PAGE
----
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    If adding ram, try to get the same make/model as you already have if at all possible. Adding another 2GB would also be fine really if it's considerably cheaper, like getting it 2nd hand. If it's not possible to find that make/model of memory modules anymore then do your best to get something with the same speed, timings and most importantly voltage. Or just make it simple and buy a new 8GB 2x4GB kit and sell off the old one.
    That said, I would go for an SSD first really. Having more than 4GB of ram isn't that important unless many games you play are 64bit. If you're going for a gtx970, I would highly recommend the evga ssc acx2.0+. It's what I have and it's been very good all around, especially nice with it running passive most of the time.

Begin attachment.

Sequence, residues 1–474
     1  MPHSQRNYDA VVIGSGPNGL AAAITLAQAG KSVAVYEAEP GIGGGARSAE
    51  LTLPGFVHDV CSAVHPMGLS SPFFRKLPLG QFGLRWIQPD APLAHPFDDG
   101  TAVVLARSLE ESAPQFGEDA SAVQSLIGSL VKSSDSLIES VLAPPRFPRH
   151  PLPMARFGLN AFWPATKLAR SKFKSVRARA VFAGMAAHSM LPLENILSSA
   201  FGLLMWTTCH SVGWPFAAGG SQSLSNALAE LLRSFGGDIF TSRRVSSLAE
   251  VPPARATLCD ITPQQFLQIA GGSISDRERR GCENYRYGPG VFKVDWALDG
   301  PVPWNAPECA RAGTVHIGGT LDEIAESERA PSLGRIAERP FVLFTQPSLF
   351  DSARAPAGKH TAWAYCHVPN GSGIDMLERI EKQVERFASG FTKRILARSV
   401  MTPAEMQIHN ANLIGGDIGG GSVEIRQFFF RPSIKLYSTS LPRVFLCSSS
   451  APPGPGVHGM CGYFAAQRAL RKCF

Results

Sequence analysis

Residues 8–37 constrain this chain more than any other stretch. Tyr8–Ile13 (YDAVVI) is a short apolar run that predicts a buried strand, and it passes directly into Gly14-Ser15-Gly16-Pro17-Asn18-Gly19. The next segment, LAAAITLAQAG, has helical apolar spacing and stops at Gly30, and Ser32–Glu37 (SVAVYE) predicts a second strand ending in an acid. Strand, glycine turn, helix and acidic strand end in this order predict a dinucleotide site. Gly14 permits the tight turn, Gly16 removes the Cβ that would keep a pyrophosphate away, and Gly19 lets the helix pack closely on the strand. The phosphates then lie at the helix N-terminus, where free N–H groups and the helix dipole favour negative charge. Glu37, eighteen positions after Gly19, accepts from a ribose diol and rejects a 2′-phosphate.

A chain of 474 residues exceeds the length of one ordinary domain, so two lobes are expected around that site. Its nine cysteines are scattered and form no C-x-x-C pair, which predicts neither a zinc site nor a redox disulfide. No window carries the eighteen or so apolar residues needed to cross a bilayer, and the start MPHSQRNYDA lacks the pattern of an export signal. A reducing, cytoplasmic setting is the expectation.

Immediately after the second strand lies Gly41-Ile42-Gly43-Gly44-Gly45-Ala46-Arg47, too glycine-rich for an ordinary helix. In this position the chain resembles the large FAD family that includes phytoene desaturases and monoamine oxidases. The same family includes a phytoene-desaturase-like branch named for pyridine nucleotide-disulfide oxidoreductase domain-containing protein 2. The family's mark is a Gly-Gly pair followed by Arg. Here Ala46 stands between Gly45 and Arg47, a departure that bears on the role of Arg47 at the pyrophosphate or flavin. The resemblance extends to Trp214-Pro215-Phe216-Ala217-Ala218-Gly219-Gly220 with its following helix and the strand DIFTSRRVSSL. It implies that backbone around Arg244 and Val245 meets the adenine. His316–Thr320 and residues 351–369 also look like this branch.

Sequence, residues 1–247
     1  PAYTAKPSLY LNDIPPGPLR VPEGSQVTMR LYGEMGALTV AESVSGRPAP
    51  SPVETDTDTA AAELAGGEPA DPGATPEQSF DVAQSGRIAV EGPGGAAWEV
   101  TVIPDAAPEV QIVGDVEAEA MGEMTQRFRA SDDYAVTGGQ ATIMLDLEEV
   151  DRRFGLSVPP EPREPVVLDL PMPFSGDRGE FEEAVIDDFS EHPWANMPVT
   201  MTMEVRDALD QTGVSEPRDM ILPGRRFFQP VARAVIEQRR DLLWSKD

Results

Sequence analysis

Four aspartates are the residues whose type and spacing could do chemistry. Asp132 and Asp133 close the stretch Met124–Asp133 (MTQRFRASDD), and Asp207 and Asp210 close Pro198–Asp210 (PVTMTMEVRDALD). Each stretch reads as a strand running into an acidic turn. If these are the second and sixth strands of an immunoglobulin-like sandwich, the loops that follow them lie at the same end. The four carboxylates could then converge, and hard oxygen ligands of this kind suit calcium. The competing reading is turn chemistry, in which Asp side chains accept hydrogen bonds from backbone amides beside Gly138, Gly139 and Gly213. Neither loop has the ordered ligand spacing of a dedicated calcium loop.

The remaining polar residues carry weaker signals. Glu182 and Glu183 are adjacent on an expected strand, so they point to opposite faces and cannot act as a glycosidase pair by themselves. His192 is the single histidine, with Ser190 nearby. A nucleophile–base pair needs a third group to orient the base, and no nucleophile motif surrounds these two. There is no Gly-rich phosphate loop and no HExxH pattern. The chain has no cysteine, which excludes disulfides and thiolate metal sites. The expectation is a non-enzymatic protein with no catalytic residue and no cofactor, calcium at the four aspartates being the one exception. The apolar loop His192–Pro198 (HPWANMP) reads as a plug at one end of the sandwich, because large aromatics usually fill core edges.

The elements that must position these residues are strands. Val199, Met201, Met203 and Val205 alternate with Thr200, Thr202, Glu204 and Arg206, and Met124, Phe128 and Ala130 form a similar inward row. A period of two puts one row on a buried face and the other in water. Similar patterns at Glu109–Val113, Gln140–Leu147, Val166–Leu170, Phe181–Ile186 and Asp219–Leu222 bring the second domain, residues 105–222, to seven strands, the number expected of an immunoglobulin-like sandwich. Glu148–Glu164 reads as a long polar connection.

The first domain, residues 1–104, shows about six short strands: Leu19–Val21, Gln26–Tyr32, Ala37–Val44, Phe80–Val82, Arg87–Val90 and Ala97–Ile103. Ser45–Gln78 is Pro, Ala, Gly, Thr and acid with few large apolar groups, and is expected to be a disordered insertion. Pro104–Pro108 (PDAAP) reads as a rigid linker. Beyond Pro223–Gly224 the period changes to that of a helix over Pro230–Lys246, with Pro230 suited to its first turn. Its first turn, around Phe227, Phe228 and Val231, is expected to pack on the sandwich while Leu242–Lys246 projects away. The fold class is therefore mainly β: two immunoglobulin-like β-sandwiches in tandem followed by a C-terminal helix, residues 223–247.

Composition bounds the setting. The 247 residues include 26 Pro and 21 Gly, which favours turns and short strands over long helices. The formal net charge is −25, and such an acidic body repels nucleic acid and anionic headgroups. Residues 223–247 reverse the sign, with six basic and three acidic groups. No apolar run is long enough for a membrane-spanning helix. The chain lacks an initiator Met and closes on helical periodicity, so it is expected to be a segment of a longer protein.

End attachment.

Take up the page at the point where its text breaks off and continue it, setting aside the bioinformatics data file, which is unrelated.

10. knarF

    knarF Noob

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    You guys have about convinced me to get one, but my problem is the complexity of the swap over. I currently have a 1tb hdd with about 600gb of data on it, and I can't afford an ssd that big, so would only be looking to transfer my os (win 7) and somE of my most used programs and leave all the music, games, pictures, documents etc. on the current hdd, how would I do this?
     
  11. GMC

    GMC Well-Known Member

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    I'd do a clean install on the new ssd. You can pull save files and the like from the HDD as needed before you delete content from the HDD that is no longer needed. Then just add the relevant HDD folder for music etc to the win7 libraries I'd you use those.
     
  12. knarF